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Cabrera hoping to boost fans in Puerto Rico


PHOENIX, Ariz. -- Veteran reliever Fernando Cabrera, a non-roster invitee obtained on a Minor League contract in the offseason, is among those competing for a bullpen spot with the Angels and needs every opportunity to show he deserves to start the season in the big leagues.

Instead, he'll depart for the World Baseball Classic on Sunday, which may not impact his chances all that much, but certainly can't help.

The 31-year-old right-hander feels he owes it to his native Puerto Rico, an island where baseball's importance has dropped considerably over the last few years.

"We've lost a big part of our baseball fan base in Puerto Rico," Cabrera said in Spanish. "One of the few events that people really get excited about in Puerto Rico and get behind is the World Baseball Classic. They like it. And representing your country is something that always makes you feel good."

Cabrera notched a 5.24 ERA while compiling 132 appearances in the big leagues from 2004-10. Last year, he pitched for the Mets' Triple-A affiliate, posting a 4.10 ERA and 22 saves in 68 innings. And in '06 and '09, he represented Puerto Rico in the Classic, throwing 5 2/3 shutout innings in a combined eight appearances as his country made it no further than the second round.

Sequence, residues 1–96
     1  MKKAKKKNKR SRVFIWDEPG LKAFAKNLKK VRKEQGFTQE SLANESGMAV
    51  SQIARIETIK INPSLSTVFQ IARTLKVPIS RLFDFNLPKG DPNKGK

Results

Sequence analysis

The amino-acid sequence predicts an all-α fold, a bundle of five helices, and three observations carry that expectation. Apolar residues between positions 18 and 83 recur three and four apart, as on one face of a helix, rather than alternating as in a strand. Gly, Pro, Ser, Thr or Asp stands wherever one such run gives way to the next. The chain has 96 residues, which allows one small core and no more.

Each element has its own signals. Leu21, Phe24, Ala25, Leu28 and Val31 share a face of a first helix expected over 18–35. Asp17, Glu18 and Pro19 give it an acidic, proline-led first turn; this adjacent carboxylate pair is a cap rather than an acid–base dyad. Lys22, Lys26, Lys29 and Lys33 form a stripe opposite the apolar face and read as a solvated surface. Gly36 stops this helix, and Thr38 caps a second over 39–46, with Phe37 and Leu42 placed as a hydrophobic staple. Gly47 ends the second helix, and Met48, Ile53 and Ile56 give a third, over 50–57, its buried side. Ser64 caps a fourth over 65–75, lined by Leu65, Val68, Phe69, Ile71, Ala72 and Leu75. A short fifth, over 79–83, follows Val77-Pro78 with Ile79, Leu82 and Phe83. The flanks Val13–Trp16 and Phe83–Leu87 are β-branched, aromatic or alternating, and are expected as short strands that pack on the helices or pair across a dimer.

This year, he'll join a squad that includes Major Leaguers such as Mike Aviles, Carlos Beltran, Yadier Molina, Angel Pagan and Alex Rios -- but also one that has to play in a pool with powerhouses Venezuela and the Dominican Republic.

Since being included in the First-Year Player Draft in 1990, teams have found few benefits in heavily scouting the area because they can't sign players at a bargain rate, and Puerto Rico has thusly seen its baseball talent plummet.

Academies recently opened by Beltran and Major League Baseball have helped -- the Astros' first overall pick, shortstop Carlos Correa, came from MLB's Academy -- but there's still a long way to go.

In 2012, 17 Puerto Rican-born players appeared in the Majors. From the Dominican Republic, there were 128. And from Venezuela, there were 88.

For Cabrera, the telling sign comes from the Puerto Rican winter league, where he pitches every offseason.

Fans have simply lost interest.

"It has to improve, but no matter how good the baseball is, the fans just don't go to the games," Cabrera said. "I believe there's still good talent in Puerto Rico, and it's getting better. Hopefully the country can just get behind them."

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